Gutsy Dean Elgar has South Africa’s nose in front on testing Wanderers pitch

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Captain goes to stumps unbeaten on 46, with hosts needing 122 more to keep the series alive

Stumps South Africa 229 and 118 for 2 (Elgar 46*, Markram 31, Ashwin 1-14) need 122 runs to beat India 202 and 266 (Rahane 58, Ngidi 3-43, Jansen 3-67)

A sturdy display by South Africa’s top order put them in position to level the series against India, ending the fourth day’s play on 118 for 2, practically halfway through their chase of 240. Fortunes swung from one team to another during the course of a gripping day’s cricket, as India made 266 in their second innings – less than what looked possible when Cheteshwar Pujara and Ajinkya Rahane were putting together a century stand, but more than seemed probable when India slid to 184 for 6 and then 228 for 8.
South Africa lost Aiden Markram and Keegan Petersen in their chase, but each of the partnerships they have had so far have been substantial, especially in the context of the target. Markram and Dean Elgar took a leaf out of the Pujara-Rahane book and began aggressively, putting on 47 in ten overs. Elgar and Petersen then added 46, while the unbroken Elgar-Rassie van der Dussen stand has yielded 25 runs in 12.4 overs so far.

Elgar played his usual bloody-minded innings, wearing blows on the body, shrugging off edges and balls whistling past, and always finding a way to survive. Apart from the opening burst where Jasprit Bumrah and Mohammed Shami had a rare period of not landing the ball exactly where they wished, India’s bowlers kept asking questions of the batters; but until stumps, South Africa’s top order weathered them.

While the hosts ended the day with the advantage, the morning had brought forth a deluge of runs via Pujara and Rahane. Both men had come into the game with increasing scrutiny about their spots in the XI, and ended up making fifties. They were proactive and on the lookout for runs. Pujara showed his intent early by whacking an on drive to the long-on boundary off Lungi Ngidi in the day’s second over – this, after he had already glanced a four at the start of it. It was the sort of ball which Pujara might ordinarily have just pushed to cover. Three overs later, Rahane rose with the ball as Jansen banged it in short outside off, and cut it beautifully over point for six.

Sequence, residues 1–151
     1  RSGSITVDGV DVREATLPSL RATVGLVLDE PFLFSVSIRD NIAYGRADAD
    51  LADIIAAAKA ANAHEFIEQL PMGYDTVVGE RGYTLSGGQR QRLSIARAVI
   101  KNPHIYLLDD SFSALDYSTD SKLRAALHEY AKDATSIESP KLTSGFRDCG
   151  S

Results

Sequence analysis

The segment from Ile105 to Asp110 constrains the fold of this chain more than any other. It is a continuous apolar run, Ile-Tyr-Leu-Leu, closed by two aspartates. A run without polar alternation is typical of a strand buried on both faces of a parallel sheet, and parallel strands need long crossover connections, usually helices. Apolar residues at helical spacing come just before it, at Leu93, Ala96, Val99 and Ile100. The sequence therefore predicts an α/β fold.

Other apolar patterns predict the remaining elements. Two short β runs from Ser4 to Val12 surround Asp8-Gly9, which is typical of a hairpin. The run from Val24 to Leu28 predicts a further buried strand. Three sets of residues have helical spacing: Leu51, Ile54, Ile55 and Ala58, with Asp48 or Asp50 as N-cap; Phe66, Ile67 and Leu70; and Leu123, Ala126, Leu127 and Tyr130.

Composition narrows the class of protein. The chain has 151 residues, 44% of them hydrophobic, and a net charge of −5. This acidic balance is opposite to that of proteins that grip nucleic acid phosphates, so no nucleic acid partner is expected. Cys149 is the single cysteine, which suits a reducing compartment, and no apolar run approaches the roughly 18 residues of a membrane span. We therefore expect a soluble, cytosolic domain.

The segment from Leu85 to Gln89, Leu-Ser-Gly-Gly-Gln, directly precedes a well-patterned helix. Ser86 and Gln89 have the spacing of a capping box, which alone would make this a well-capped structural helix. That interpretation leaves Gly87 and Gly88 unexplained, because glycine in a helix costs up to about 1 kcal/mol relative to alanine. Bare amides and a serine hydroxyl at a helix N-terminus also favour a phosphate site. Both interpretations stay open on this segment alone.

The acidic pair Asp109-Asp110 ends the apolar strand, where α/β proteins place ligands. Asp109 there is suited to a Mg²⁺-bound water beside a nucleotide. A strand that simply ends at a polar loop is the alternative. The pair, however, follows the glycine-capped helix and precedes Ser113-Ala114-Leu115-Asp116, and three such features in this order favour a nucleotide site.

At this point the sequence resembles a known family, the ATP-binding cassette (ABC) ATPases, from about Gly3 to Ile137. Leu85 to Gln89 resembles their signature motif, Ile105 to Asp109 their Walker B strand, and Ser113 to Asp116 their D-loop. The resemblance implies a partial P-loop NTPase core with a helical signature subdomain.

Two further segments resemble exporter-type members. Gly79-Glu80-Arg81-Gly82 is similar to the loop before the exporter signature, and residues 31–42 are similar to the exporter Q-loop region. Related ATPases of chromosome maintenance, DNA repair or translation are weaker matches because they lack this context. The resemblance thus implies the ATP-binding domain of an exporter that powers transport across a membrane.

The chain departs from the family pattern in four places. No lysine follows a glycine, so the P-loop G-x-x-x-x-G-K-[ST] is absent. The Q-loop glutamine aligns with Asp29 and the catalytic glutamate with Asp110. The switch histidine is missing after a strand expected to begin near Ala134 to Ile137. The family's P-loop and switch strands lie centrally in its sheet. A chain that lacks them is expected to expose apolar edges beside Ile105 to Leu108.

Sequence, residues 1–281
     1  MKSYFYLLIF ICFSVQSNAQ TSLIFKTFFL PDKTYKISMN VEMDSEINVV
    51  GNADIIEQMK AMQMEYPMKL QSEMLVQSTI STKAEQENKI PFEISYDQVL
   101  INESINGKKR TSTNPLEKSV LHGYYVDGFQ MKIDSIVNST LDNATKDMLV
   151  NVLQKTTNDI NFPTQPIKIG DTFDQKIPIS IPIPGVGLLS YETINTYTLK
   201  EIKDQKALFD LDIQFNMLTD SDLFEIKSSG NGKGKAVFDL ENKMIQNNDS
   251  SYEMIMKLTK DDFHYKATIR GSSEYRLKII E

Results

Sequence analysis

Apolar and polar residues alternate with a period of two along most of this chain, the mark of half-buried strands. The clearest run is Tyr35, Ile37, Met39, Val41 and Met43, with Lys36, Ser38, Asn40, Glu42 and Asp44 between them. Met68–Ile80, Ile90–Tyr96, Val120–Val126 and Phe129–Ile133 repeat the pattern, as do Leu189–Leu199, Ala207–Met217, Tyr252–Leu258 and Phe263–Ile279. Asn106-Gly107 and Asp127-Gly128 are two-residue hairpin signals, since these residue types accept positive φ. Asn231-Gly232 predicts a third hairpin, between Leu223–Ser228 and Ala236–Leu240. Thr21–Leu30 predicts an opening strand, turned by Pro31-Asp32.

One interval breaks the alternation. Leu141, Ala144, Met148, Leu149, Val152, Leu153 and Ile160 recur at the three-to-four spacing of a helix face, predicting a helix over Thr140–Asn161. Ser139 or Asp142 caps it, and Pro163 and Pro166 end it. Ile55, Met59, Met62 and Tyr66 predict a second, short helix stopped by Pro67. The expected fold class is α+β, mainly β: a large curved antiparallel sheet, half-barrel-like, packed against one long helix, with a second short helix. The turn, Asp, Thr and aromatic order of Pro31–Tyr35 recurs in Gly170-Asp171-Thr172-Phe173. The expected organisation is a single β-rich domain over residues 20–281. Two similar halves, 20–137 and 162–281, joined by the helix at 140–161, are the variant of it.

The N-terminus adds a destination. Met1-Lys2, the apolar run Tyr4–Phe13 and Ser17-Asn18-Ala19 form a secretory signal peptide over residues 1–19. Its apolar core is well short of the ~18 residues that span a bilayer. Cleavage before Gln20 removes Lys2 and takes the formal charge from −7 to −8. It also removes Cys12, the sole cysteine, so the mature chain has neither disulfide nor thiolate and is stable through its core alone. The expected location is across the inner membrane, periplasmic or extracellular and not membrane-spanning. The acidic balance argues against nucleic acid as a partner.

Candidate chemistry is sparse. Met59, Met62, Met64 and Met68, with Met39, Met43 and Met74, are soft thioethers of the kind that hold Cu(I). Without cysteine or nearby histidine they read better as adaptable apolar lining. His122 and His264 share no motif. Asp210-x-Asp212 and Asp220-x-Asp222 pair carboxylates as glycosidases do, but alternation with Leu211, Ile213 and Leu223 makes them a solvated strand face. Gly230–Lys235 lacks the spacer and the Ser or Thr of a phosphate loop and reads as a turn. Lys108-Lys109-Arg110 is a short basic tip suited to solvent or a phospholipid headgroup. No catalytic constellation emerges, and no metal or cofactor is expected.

Just when South Africa were looking flat, Kagiso Rabada found ferocious rhythm after the first drinks break. He hit the hard length outside off that has made balls rear up on this pitch, and moved it away just enough to catch Rahane’s outside edge with the batter unable to prevent his hands following the ball. In his next over, Rabada got one to dart back into Pujara at pace, and trapped him lbw.

Rabada then gave Rishabh Pant a working over in just two balls, beating him outside off first up and then firing a missile that rose up to throat and had the batter in a complete tangle as he fended with his gloves and saw the ball land short of the slips. Next ball, Pant danced down the track and tried to whack Rabada over cover, but only got an edge through to the keeper. With Rabada in the seventh over of his spell and his bowling clearly a cut above the rest, Pant’s shot selection might not have been the best.

India had gone into lunch at 188 for 6, but after that Shardul Thakur came out swinging – and also connecting. There was one top-edged six, but five superbly timed fours as Thakur pushed India’s lead into the 200 territory. After he was caught on the boundary off Marco Jansen, Hanuma Vihari farmed the strike and went for his shots. Even so, he wasn’t always successful in shielding the bowlers, and Bumrah faced down a short-ball barrage from Jansen, in the middle of which there were words exchanged and a mid-pitch confrontation where players had to separate the two men, who were team-mates at Mumbai Indians just three months back.

India’s target seemed like a safe one given the nature of the surface, where some balls were spitting up off a length. But a confident Markram put his failures of this series behind him to play an attacking role in the opening stand.

Thakur continued to have a fantastic Test when he trapped Markram lbw in an over that had two close calls already. R Ashwin then provided an important breakthrough, getting Peterson lbw. He had van der Dussen in some trouble too, and while KL Rahul rotated his bowlers around – the injured Mohammed Siraj bowled the least – and all of them kept things tight, Elgar and van der Dussen survived till stumps.

Saurabh Somani is an assistant editor at ESPNcricinfo

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